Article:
Aguijon de Abeja Bonarda 20

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Mendoza is a name that's synonymous with wine from Argentina. Located at the foothills of the Andes, Mendoza is a landscape of rugged beauty and is Argentina's most significant wine-producing region. In this high-desert environment, the soil is sandy and alluvial, and the climate is characterized by hot days and cold nights, making Mendoza the ideal terroir for its famously beefy reds.

Mendoza has a rich history dating back to the late 16th century when grapevines were introduced by Spanish settlers. Today, Mendoza has become a significant player in the global wine industry, successfully blending traditional winemaking techniques with state-of-the-art technology.

The terroir of Mendoza plays a crucial role in shaping the flavors and characters of the wines produced here. Irrigation is necessary in this dusty, arid land, and snowmelt from the Andes provides the only reliable supply of pure water. This unique relationship between the Andes and the desert vineyards has led to a wide variety of microclimates within the region, each with its unique characteristics. The high-altitude vineyards, in particular, allow grapes to ripen very slowly, concentrating flavors while retaining a surprising degree of acidity, resulting in wines of exceptional depth and complexity.

While Malbec generally rules the Mendoza roost and certainly provided plenty of international fame for the region, Bonarda also plays an important role. Originally from Italy, Bonarda has adapted well to the high-desert Argentinian terroir and is the country's second most planted grape varietal.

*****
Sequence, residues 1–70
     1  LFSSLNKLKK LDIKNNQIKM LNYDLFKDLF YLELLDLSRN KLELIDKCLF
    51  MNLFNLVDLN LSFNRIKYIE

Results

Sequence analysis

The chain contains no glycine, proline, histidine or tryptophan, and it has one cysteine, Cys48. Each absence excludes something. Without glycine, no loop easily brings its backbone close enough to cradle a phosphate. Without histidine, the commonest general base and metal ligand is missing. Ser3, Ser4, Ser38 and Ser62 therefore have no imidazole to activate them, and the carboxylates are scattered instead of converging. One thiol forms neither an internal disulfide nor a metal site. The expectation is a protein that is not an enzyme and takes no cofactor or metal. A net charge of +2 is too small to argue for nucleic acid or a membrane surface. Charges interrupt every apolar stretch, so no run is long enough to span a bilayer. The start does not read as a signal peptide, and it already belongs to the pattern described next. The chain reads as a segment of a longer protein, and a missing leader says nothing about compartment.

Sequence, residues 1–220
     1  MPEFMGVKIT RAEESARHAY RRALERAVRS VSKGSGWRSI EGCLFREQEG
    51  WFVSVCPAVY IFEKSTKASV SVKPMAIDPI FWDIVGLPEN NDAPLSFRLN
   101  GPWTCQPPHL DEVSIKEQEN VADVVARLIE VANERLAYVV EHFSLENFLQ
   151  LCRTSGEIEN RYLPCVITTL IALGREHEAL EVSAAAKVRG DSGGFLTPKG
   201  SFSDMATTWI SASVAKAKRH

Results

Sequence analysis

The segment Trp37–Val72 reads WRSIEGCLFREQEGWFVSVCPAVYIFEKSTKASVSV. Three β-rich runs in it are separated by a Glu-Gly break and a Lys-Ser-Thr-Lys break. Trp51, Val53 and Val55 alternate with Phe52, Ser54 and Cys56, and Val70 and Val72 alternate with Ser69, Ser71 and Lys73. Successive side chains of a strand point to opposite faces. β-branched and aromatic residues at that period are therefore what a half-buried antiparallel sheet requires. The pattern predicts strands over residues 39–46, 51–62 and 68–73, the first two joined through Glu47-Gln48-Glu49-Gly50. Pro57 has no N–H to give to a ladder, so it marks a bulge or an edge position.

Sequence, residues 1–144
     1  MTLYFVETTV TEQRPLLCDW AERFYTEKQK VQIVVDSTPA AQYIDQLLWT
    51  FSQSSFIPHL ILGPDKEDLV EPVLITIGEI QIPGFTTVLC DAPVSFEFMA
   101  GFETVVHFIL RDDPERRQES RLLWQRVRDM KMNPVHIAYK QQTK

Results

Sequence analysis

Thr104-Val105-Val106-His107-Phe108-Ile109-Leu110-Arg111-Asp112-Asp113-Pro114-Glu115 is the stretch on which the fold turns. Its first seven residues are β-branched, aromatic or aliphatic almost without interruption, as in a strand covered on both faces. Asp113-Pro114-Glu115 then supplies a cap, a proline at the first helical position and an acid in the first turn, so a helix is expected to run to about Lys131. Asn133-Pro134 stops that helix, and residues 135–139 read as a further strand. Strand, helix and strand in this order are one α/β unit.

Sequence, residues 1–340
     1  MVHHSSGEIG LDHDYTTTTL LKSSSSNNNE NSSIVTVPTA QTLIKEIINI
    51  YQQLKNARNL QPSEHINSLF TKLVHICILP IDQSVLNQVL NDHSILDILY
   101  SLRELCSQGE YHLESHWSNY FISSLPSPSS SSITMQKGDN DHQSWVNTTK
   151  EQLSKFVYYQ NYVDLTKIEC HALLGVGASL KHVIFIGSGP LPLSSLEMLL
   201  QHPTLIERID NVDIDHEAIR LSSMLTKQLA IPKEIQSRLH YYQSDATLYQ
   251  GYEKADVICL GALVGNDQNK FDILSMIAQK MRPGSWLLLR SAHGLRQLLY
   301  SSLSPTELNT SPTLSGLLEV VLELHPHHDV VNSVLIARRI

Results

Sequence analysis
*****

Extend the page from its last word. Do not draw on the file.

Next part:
Although it lives in the shadow of Malbec, wines made from Bonarda are known for their dark red fruit notes, moderate tannins, and fresh acidity. They offer a somewhat lighter and more versatile profile compared to Malbec, and while Bonarda is generally less intense, that's made up in spades by its charm and approachability.

The Durigutti Family estate was founded in 2002 by enologist brothers Hector and Pablo Durigutti. The brothers grew up in a family steeped in winemaking tradition, and over the years, they've earned a reputation for producing authentic and innovative wines. The brother's core philosophy centers around respecting the land, practicing sustainable viticulture, and showcasing the region's microclimates in their wines.

The name "Aguijón de Abeja" translates to "bee sting," correctly alluding to the wine's lively, zesty nature. Crafted from hand-harvested grapes and aged in a combination of stainless steel and oak, I find it's a textbook expression of Bonarda from Mendoza.

In your glass, Aguijón de Abeja Bonarda opens with an inviting dark ruby hue leading to notes of ripe red fruits, notably black cherry and plum, mixed with subtle hints of spice and dusty earth. The palate echoes these notes, delivering flavors of bold red fruit balanced by good acidity and soft tannins. Its versatile nature makes it an excellent choice for pairing with a wide variety of foods, from grilled meats and BBQ to pasta dishes and hard cheeses.

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